Telling About the Vikings, T.S. Eliot, and The Signature
By Stuart Mitchner
Instructions for living a life:
Tell about it.
—Mary Oliver (1935-2019)
When I saw Mary Oliver’s “Instructions” chalked on a stone bench in Princeton’s Marquand Park the other day, I was thinking about the signed copy of Donald Trump’s The Art of the Deal (1987) offered for sale at next month’s Friends of the Princeton Public Library Book Sale.
What could be less astonishing than a 35-year-old ghostwritten bestseller by the former president? The only thing really worth paying attention to and telling about is that copies in the same or lesser condition as the library’s are selling online for $18,000 to $45,000. But when you think of it, isn’t the lure of large library book sales the possibility of being astonished? You go in hoping that the book of your wildest dreams will turn up, and sometimes it does. Or, better still, you find a treasure you didn’t even know you were looking for, which happened to me when I embarked on this column about a book I have no interest in. Rather than devote an entire article to The Art of the Deal, I thought of something my wife and I have been binging on, an astonishing television series about the Vikings, where I discovered, incredibly enough, a book of poetry by T.S. Eliot.
A Viking Summer
It’s been a Viking summer in our house. Along with the Saxons, the Northmen have given us some fascinating television in The Last Kingdom (2015-2022) and Vikings (2013-2020), which we have yet to finish, although it’s hard to imagine the series surpassing the 14th episode of Season 4, “In the Uncertain Hour Before the Morning.” If that seems an unlikely title for a show about the blood and thunder pagans of the north, it’s because the line comes from Eliot’s poem “Little Gidding.” Series creator Michael Hirst has admitted “sneaking” passages from Four Quartets into Vikings “because the lines are about time. Eliot thought the time past and time future are both contained within time present. I thought that that was really what I was talking about within the show — connecting past, present and future.”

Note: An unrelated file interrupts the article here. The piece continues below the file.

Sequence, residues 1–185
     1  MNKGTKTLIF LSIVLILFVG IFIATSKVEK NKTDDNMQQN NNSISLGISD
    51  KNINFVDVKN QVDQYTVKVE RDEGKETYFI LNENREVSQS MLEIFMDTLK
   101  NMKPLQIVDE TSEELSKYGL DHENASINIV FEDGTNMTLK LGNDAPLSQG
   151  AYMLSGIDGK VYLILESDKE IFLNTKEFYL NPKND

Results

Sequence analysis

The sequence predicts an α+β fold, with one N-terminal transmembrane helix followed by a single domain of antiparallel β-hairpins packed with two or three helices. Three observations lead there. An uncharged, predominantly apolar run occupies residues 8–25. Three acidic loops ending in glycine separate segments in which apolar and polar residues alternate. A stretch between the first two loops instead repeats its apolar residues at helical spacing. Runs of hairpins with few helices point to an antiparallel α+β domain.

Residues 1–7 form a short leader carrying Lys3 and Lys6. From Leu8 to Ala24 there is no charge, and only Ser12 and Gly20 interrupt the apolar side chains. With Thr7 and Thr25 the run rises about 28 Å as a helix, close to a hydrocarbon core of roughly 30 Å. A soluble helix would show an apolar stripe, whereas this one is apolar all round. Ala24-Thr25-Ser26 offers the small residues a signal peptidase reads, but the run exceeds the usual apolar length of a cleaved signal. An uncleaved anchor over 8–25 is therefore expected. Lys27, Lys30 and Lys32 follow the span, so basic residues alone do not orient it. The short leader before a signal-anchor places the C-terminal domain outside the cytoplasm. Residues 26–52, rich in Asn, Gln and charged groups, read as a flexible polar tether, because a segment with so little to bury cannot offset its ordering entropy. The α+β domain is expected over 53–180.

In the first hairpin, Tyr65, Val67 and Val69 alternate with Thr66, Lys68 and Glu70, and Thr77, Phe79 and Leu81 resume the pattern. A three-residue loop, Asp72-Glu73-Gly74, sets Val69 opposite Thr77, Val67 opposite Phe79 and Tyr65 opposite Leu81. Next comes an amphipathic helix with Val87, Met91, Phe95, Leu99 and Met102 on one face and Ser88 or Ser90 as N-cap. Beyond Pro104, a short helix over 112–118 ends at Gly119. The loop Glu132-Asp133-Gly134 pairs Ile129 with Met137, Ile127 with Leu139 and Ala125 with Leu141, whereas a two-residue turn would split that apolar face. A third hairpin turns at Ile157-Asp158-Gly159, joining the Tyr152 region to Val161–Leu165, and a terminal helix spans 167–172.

As the episode’s title suggests, the endgame conversation between the captive King of the Vikings Ragnar (Travis Fimmel) and King of the Saxons Ecbert (Linus Roache) takes place in a subdued hour-before-morning communal spell “in the intersection of the timeless moment” the two characters are sharing; it’s an extraordinary reunion since Ragnar has cause to put Ecbert to death on the spot while Ecbert has no choice but to find a politically expedient way to have Ragnar executed. The intensity of the looks and words exchanged, the pauses, the nuances, reveal a unique fellowship based on the love both men feel for Athelstan (George Blagden), the young Anglo-Saxon Christian monk captured by Ragnar in the first season and arguably the most sympathetic character in the series. Once you learn that the episode takes its title from Four Quartets, it’s possible to imagine that Hirst had the actors reading aloud together from the poetry prior to the filming; the mood the poem manifests is that immersive. It helps that Eliot is, says Hirst, a favorite poet of Roache’s.
So compelling, so true to the character, is Roache’s Ecbert, that when he speaks Eliot’s lines on “time present and time past” you never doubt that words from a book published in 1943 are his personal musings, and now, thanks to a television series set in the 9th century (“Near the ending of interminable night / At the recurrent end of the unending”), you find yourself reading Four Quartets aloud. As I was reading I was startled by some lines in “The Dry Salvages” that seemed to speak to the subject I began with — a signed book of little value in itself, being sold for large sums because it’s signed by a twice impeached former president who is the subject of multiple criminal investigations: “Observe disease in signatures, evoke / Biography from the wrinkles of the palm / And tragedy from the fingers…”